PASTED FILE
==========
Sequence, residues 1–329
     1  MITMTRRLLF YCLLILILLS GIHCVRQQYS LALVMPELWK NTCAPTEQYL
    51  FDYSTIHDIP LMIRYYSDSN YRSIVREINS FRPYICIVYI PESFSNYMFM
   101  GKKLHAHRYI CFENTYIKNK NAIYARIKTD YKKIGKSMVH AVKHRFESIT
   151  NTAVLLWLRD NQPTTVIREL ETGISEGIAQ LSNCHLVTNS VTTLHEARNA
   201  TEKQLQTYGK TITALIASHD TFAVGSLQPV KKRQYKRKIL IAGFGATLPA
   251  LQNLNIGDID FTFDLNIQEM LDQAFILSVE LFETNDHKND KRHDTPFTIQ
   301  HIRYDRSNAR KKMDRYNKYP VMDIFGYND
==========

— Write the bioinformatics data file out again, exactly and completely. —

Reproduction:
Sequence, residues 1–329
     1  MITMTRRLLF YCLLILILLS GIHCVRQQYS LALVMPELWK NTCAPTEQYL
    51  FDYSTIHDIP LMIRYYSDSN YRSIVREINS FRPYICIVYI PESFSNYMFM
   101  GKKLHAHRYI CFENTYIKNK NAIYARIKTD YKKIGKSMVH AVKHRFESIT
   151  NTAVLLWLRD NQPTTVIREL ETGISEGIAQ LSNCHLVTNS VTTLHEARNA
   201  TEKQLQTYGK TITALIASHD TFAVGSLQPV KKRQYKRKIL IAGFGATLPA
   251  LQNLNIGDID FTFDLNIQEM LDQAFILSVE LFETNDHKND KRHDTPFTIQ
   301  HIRYDRSNAR KKMDRYNKYP VMDIFGYND